NASHVILLE - The Senate unanimously authorized $262 million in bonds on Thursday to help state officials meet commitments made for the Volkswagen plant in Chattanooga and a factory in Clarksville, Tenn.
Senators also approved a separate appropriations bill allowing the state actually to pay for the remaining work on items such as roads, water and sewer lines and electrical grids at VW's Enterprise South site, as well as many of the similar jobs at the Hemlock Semiconductor Corp. plant site in Clarksville.
The House is expected to vote Monday on the $262 million bond authorization measure and the accompanying appropriation bill. House Finance Committee Chairman Craig Fitzhugh, R-Ripley, said he expected them to pass.
State Economic and Community Development Commissioner Matt Kisber said he was pleased by the Senate's action, noting "we market the bipartisan spirit in economic development that Tennessee enjoys, and I think this is an example."
About $170 million of the bonds, if they actually are issued, is for the VW project. The remaining $92 million would go for the Hemlock plant, which will make polysilicon used in solar-power panels. Construction at Volkswagen is expected to generate enough money to fund the $28 million debt initially, and taxes from the project will fund the bonds down the road.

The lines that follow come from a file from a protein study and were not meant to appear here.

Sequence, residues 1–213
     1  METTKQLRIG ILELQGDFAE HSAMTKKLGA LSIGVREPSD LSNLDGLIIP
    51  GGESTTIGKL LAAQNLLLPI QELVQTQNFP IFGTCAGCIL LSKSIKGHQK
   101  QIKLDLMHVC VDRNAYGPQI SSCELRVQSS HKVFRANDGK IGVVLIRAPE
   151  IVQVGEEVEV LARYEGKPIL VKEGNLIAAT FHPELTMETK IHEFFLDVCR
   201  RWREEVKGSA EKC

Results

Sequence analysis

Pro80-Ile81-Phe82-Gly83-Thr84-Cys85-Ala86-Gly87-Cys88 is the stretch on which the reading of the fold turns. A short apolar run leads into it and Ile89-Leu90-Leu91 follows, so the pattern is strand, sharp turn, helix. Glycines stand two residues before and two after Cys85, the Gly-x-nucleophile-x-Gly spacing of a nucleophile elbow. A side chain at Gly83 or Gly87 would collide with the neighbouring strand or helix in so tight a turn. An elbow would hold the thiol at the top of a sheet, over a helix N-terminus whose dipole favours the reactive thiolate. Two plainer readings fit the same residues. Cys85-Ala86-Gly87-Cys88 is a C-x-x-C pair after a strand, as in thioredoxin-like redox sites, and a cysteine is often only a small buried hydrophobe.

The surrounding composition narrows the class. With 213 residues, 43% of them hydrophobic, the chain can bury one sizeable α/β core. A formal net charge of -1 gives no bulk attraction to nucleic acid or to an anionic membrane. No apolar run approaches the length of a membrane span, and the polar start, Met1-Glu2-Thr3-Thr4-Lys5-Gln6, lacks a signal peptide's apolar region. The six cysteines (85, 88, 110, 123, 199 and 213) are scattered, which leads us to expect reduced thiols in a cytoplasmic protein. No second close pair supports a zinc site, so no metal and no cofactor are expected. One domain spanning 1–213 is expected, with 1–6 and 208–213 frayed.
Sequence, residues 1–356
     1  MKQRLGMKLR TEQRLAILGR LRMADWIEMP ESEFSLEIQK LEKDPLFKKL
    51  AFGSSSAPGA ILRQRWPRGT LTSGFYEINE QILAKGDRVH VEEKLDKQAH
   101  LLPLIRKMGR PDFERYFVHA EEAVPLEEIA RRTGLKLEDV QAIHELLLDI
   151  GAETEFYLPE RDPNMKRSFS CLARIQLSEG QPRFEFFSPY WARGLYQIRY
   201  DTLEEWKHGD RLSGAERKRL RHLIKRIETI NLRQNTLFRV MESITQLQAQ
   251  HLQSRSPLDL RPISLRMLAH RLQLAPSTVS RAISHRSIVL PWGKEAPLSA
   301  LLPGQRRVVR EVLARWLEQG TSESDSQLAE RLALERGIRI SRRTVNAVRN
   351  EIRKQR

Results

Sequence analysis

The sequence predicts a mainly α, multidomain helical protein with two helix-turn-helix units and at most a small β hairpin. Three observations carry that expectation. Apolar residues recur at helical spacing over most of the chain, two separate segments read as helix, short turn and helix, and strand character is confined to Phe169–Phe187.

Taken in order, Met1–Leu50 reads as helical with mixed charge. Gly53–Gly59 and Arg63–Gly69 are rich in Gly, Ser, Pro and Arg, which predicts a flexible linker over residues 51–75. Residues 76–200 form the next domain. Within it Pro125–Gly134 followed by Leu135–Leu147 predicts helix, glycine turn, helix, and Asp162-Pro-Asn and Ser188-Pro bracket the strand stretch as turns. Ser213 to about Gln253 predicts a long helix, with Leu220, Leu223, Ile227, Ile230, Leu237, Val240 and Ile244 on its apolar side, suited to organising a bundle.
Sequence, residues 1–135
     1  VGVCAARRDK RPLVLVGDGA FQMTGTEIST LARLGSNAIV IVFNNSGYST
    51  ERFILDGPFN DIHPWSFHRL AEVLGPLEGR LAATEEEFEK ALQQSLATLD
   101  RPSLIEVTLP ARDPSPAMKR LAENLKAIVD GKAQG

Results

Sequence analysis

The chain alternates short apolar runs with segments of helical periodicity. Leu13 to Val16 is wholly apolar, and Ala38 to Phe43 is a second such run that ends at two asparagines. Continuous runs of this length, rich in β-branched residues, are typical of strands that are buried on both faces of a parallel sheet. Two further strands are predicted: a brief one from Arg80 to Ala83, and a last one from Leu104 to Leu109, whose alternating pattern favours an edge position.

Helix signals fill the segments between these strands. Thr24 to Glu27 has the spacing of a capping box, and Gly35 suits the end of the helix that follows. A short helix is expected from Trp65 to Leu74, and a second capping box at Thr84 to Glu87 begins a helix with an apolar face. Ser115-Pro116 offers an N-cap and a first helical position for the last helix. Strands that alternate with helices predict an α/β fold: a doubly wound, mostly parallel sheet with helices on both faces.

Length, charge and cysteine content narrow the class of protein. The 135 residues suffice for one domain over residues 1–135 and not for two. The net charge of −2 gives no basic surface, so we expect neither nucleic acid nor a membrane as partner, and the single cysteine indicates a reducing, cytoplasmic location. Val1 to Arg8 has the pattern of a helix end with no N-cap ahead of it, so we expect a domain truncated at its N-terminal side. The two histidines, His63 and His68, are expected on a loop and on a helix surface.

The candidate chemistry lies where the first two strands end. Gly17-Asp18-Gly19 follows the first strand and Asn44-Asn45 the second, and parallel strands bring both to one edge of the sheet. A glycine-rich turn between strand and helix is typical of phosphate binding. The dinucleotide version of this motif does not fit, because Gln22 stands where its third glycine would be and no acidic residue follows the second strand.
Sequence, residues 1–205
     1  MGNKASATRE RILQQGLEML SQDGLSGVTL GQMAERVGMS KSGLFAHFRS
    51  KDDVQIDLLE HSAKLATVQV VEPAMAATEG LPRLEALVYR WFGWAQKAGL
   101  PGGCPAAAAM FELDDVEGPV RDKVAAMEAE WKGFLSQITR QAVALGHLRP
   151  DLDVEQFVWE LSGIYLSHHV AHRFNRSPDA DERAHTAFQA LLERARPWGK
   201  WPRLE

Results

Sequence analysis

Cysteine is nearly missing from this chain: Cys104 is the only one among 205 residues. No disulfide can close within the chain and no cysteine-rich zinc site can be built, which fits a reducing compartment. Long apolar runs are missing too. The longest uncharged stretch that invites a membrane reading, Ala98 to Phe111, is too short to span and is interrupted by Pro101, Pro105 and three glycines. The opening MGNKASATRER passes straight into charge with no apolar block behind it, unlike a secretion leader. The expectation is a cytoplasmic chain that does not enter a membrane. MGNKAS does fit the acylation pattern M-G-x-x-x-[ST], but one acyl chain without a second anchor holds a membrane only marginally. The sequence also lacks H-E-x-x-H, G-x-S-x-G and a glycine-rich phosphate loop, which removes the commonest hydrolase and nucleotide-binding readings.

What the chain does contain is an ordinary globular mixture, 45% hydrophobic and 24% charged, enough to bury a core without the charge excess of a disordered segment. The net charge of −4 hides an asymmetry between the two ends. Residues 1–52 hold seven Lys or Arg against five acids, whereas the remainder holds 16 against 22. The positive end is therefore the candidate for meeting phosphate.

The bills were delayed by a week in the Republican-controlled Senate as GOP lawmakers, including Sen. Bo Watson, R-Hixson, sought to explore if the state could use federal stimulus funds to at least partially offset the need to issue bonds.
Sen. Watson, in whose district the VW plant is going, stressed throughout the week that the Senate would honor all commitments to VW. Senate Republicans hoped to save money by dealing in cash. Some also were wary of departing from previous state policy against issuing bonds for economic development.
"This is the most thorough vetting that I know of since I've been here. That bond bill was really analyzed and looked at," Sen. Watson said.
It was appropriate to delay before making a "decision of this significance" in order to "make the best decision for the state," he said. "Certainly, a large part of this affects a project in my Senate district, but even with that, we were wise to step back and just review this one more time to make sure."
Democratic Gov. Phil Bredesen cited the state's $900 million shortfall as the driving need for using bonds. The governor told senators in a closed-door meeting earlier this week that it remains unclear if stimulus funds could be used, senators said.
Mr. Kisber told House Finance Committee members this week that Tennessee committed to VW to have funding approved by the end of February. He said the last thing the state needed was get embroiled in a "political battle over your (VW's) decision to come to Tennessee."
Senate Majority Leader Mark Norris, R-Collierville, said Republicans initially were not aware of the February timetable. He said they "don't want to send the wrong signal to somebody that somebody can't deliver."